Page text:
Restrictive Cardiomyopathy (RCM)
What it is
What it does
Who gets it?
How do we look at it?
What do we do about it?
What’s going to happen?
Restrictive Cardiomyopathy (RCM) is a disease of cats. This disease is seen in middle-aged and older cats. Restrictive Cardiomyopathy is a disease where the heart becomes scarred and stiff. This scarring may be the end stage of a thickened heart (Hypertrophic Cardiomyopathy). Because the heart is stiff and blood has difficulty in entering the ventricles properly, it causes blood to back up and force fluid into either the lungs or into body cavities.
In order to understand how the backup affects your pet, a brief synopsis of normal blood flow is helpful. Normally, blood is ejected from the main pumping chamber of the heart (the left ventricle) into the aorta and then to the body. Blood returns from the body to the right heart (first the right atrium, through the tricuspid valve and into the right ventricle) where it is pumped into the pulmonary artery and into the lungs for oxygenation. Blood from the lungs then returns to the left heart (into the left atrium, through the mitral valve and back into the left ventricle).
If the ventricles do not accept blood properly, the ventricles and atria get enlarged, and pressure builds up in the left or right atrium. Blood then ‘backs up’, and causes fluid in the lungs or body cavities to accumulate. Fluid in the lungs is called left congestive heart failure or pulmonary edema. Animals with pulmonary edema breath more rapidly and cough due to the fluid, and cannot exercise well. Fluid in the body cavities is called right congestive heart failure; fluid in the chest is called pleural effusion, and fluid in the abdomen is called ascites. Cats rarely develop ascites. Animals with pleural effusion breath heavily and are lethargic and do not eat well. Some animals will also faint with exercise or excitement.
Therapy is medical in nature. Cats with restrictive cardiomyopathy have a guarded prognosis. Some cats can be very difficult to get under control, but others can be managed with good quality of life for considerable periods. I have managed cats for over 1 1/2 years. The goals of therapy are to maintain your pet out of congestive heart failure for as long as possible on a minimum of medication, for them to feel well and to be playful, and for them to eat well. No nutritional supplements have been shown to be effective, though some cardiologists have recommended adding Taurine.
Lower salt diets do not taste as good as regular diets, and many cats will not eat them. A severely restricted salt diet such as “Heart diet or H/D” is often not eaten well at all by cats, so I recommend a slightly less restricted diet called “Kidney diet or K/D”. There are other companies that make similar products to K/D, and they are typically fine to use. It is more important that your pet eat and eat well, than to stick to the salt restricted diet, even if they won’t eat it. Some cats require mixing in canned food or meat-based baby food. The medications are powerful, and will usually work even if your pet is on regular food. Do not give high salt items such as pork and salted popcorn or high-salt treats.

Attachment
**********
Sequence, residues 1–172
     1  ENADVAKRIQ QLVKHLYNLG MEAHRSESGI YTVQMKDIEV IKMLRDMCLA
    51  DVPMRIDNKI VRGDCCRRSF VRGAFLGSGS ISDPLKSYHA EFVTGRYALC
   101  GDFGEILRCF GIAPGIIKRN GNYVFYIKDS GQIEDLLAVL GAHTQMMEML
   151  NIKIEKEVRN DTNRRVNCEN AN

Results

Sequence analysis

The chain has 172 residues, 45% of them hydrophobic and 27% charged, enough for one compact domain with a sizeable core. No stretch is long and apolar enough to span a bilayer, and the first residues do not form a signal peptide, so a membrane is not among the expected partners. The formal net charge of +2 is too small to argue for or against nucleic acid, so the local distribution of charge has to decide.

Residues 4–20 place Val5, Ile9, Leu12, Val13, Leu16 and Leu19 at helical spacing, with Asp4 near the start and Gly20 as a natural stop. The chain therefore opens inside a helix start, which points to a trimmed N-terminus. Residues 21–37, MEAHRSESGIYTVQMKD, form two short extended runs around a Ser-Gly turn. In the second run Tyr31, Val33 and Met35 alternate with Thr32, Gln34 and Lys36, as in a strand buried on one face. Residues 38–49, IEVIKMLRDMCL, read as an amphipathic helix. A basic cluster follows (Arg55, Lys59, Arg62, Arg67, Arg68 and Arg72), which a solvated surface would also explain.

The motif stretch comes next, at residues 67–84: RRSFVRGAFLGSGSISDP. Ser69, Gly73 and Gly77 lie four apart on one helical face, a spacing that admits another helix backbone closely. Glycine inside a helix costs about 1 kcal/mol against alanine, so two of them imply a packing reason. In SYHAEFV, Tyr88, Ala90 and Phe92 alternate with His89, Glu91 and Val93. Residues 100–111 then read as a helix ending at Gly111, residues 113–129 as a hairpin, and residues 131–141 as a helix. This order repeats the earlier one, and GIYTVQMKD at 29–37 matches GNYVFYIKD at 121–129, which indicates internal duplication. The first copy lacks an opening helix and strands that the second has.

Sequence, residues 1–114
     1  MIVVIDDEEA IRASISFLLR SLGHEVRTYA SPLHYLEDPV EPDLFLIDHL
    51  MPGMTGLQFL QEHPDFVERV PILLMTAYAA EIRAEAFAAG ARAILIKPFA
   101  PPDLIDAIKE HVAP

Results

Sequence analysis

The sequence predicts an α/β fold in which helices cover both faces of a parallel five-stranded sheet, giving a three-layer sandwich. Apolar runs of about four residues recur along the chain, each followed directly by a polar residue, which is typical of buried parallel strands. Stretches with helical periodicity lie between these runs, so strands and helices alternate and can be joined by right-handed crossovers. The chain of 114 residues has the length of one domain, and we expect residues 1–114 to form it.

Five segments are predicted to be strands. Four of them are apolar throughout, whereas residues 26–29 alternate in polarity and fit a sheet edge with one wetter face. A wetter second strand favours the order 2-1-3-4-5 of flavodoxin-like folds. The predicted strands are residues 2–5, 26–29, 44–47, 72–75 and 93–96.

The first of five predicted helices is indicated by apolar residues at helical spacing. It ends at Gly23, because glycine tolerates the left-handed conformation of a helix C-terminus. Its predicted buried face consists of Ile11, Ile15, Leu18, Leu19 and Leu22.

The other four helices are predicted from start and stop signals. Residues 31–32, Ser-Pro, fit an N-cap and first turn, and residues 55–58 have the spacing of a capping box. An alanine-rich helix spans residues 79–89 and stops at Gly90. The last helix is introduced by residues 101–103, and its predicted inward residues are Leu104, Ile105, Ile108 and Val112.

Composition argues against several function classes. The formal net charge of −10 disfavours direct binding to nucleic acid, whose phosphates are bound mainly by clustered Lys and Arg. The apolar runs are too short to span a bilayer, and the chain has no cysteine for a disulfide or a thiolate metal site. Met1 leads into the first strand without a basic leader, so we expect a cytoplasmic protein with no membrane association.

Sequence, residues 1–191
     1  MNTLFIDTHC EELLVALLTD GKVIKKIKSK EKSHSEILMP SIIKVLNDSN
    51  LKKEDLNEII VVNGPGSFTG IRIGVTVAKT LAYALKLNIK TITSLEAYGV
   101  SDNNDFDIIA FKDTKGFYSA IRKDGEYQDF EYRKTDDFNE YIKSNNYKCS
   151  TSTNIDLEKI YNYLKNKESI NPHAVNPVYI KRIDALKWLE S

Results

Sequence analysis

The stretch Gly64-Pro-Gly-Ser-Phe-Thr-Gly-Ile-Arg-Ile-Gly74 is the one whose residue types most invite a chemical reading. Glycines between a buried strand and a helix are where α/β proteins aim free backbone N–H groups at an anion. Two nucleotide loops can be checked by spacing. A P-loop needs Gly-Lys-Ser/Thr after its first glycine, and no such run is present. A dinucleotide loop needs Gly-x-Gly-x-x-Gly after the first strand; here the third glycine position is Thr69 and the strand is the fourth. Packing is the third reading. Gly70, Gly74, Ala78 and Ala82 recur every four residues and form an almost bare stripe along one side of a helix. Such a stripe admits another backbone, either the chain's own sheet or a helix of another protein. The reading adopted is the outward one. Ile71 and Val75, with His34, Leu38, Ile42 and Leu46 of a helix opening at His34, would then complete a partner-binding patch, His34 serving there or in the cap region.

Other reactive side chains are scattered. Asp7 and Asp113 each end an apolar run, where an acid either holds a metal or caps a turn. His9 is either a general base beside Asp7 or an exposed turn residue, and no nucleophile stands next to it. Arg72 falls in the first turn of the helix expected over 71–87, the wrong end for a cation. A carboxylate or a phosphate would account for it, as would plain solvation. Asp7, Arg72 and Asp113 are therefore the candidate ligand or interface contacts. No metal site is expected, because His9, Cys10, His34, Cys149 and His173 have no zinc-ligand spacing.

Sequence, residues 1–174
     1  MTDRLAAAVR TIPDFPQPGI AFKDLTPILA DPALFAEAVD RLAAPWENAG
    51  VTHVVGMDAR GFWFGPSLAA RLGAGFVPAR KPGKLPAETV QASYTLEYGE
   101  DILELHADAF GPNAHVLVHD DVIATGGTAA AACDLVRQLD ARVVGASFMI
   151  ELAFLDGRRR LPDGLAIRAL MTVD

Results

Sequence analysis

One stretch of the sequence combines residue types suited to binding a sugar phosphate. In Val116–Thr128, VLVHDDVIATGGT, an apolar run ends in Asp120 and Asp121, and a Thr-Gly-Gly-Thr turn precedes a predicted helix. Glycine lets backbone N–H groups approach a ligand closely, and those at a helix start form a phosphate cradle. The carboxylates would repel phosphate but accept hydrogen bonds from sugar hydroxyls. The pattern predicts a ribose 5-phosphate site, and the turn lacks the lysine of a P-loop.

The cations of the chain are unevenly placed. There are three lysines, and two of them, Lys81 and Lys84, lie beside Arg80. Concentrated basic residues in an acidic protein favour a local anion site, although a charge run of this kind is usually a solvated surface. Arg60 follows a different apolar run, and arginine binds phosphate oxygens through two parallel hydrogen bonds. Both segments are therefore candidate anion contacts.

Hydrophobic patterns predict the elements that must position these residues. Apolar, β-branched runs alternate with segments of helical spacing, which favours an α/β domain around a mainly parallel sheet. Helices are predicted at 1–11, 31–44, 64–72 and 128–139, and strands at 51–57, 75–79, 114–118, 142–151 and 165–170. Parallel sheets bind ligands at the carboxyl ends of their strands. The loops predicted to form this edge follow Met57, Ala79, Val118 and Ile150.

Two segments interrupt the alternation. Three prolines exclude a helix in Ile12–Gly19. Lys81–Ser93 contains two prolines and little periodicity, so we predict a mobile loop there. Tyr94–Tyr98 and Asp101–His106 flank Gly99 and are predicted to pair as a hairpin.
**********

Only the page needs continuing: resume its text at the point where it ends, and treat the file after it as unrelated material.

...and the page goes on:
There are certain diagnostic tests that are necessary to accurately diagnose restrictive cardiomyopathy, to tell you how bad the problem is, what can be done about the problem, and what you can expect in the future for your pet. An echocardiogram (or heart ultrasound) is used to look within the heart, confirm the diagnosis, and to look for other problems within the heart that might confound therapy. Echocardiograms do not show congestive heart failure, so have some limitations for following the disease. While an echocardiogram might be repeated (especially if things are not going as they should), repeated radiographs are usually much more useful. X-rays (radiographs) are the cornerstone of monitoring your pet. Radiographs show how large the heart is in the chest and how it is enlarging with time, and also show congestive heart failure (pulmonary edema) or other lung problems. Radiographs are often repeated with time to assess response to therapy. An electrocardiogram (EKG or ECG) is very useful to check for rhythm disturbances, and may be repeated to assess response to certain medications. Labwork is very important, because hearts with disease do not handle water loads very well (hence the diuretics), but kidneys require water load to maintain function. Usually, there is a wide area to work within where the heart and the kidneys are both happy, but if kidney function is marginal, kidney failure can occur. Monitoring at home consists of monitoring eating and activity, and to note breathing patterns. Because fluid in the lungs or chest causes increased breathing rates as the first sign of congestive heart failure, noting breathing rates is very important. Breathing rates in animals can only be accurately assessed when they are asleep and it is cool out. Their sleeping breathing rates should be about 30 breaths a minute or less (about a breath every other second). If heart failure is developing, sleeping breathing rates increase to about 60 breaths a minute (or one breath a second). If this occurs for a couple of nights, your pet should be represented, and may need repeat radiographs to document congestive heart failure, and medical adjustments may be necessary. Congestive heart failure, heart disease itself, or the medications used for heart disease can cause lack of appetite. Sometimes the cause of lack of appetite can be difficult to ascertain, requiring repeat radiographs and labwork, or medication adjustment to find the cause of lack of appetite.